The muscles behind Gardener’s eyes ached as his mind shifted into that momentary level of heightened perception which only comes when faced with the darkness. Then, as he’d suspected, a glow began to register itself. A bright, concentrated glow down by the floor on the wall opposite the door. He dropped his hand toward the source and a brilliant white spot played across his knuckles. Gardener held his breath and bent his head as near to the floor as he dared. He looked at the hole and wondered at the length of drill bit needed to get through two walls and a cavity filled with insulation. The intensity of the beam was such that it was impossible to see anything of the room beyond, but the hole hadn’t been made with voyeurism in mind. No one, even in their sickest fantasies, would want to look at a pile of discarded shoes. Would they?

         Gardener eased himself back into a crouch and ran through the probable sequence of events. Then he stretched himself up into a half hunch and pushed the door open.

         “House. All lights on.” Wemhurst stood blinking in front of him, his tongue thoughtfully pressed into the side of his once acned cheek.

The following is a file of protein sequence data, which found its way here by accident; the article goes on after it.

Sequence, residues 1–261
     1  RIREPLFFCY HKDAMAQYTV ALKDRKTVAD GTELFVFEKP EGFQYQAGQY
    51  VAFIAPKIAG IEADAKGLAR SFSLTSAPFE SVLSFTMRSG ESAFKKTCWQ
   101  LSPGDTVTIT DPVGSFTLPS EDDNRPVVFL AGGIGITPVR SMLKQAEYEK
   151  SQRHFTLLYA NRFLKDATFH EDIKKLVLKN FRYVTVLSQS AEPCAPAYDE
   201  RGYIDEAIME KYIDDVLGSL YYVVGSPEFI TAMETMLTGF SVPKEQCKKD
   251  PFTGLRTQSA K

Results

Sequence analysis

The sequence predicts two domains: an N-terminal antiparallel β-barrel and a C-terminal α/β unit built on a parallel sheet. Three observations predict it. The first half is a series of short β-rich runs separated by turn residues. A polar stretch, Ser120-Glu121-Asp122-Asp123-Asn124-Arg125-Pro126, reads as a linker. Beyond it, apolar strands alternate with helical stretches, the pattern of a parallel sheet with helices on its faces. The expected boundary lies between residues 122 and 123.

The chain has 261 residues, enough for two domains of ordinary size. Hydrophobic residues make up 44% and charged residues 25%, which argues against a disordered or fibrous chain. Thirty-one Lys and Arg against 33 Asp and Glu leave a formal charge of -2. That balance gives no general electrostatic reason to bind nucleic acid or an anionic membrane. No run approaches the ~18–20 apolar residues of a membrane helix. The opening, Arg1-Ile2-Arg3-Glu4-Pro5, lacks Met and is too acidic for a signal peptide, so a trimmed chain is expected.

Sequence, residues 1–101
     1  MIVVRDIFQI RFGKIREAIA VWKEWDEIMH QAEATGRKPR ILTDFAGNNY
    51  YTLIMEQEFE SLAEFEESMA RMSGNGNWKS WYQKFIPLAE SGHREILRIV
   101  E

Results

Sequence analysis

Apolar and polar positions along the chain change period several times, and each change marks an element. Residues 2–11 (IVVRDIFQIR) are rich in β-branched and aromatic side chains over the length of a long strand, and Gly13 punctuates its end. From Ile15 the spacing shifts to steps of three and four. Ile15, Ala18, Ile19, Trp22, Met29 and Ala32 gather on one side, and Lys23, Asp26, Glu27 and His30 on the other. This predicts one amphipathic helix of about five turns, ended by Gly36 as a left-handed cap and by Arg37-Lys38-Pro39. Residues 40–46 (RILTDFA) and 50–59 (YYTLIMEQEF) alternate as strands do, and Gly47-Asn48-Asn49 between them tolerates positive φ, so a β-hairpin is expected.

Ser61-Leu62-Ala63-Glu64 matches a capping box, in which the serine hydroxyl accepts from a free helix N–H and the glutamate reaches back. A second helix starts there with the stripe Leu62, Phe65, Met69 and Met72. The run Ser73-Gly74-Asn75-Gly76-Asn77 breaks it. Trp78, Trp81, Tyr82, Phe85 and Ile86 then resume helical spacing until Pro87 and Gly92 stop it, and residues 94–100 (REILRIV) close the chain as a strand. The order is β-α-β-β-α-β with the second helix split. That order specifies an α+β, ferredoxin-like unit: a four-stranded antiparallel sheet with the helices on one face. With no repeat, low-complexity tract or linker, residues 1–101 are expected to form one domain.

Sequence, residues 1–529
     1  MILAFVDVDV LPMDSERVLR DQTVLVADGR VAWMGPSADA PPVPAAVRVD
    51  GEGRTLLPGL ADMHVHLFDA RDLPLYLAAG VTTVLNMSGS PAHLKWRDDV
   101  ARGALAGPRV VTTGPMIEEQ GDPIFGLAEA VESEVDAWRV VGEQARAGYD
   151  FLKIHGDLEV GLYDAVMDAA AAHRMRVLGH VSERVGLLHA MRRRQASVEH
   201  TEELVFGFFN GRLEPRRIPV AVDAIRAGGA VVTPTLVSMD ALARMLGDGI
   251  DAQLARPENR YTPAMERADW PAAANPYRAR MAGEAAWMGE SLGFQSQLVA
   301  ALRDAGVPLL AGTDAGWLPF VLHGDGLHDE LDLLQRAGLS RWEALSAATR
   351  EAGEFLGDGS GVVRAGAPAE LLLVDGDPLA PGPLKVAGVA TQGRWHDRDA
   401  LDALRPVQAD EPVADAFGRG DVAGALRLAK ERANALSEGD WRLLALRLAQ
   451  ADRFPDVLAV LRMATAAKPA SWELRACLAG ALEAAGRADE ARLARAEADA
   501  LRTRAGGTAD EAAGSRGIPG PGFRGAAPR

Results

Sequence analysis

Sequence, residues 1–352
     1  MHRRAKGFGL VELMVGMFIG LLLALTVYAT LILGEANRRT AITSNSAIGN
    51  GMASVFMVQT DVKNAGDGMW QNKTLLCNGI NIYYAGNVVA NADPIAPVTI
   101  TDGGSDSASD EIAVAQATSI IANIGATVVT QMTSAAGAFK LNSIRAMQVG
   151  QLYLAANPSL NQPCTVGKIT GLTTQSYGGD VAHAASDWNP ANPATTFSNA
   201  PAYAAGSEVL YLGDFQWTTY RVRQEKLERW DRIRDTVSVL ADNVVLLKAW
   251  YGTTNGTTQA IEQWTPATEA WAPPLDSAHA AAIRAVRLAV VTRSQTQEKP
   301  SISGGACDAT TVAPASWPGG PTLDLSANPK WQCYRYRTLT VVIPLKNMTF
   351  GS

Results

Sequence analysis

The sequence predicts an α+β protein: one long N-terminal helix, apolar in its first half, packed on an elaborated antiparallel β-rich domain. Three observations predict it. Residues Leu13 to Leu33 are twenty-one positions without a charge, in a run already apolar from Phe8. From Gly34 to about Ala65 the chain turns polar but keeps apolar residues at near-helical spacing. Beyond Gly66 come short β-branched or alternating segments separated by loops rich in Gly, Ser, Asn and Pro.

“Did you download what you were after?”

         Gardener looked up at the tall recruit, “I could have spent a month sifting through the data on this system and have found no trace of the crime.”

         Wemhurst’s eyes widened, “Crime? You think a crime’s been committed here?”

         “Don’t you?”

         “I know that things don’t add up, but I’m not sure how or why.”

         “Ever heard of a company called Thermatech?” Wemhurst shook his head, “No neither had I. I’d assumed that it was some form of automated household appliance. Turned out I was wrong. Thermatech specializes in miniaturized thermal imaging devices that, when calibrated correctly, allow the operator to effectively see through walls. That’s why I couldn’t find anything within the operation code. She’d orchestrated everything on the fly, tapped into the central processor and tele-operated the whole murder.”

         “Who had?”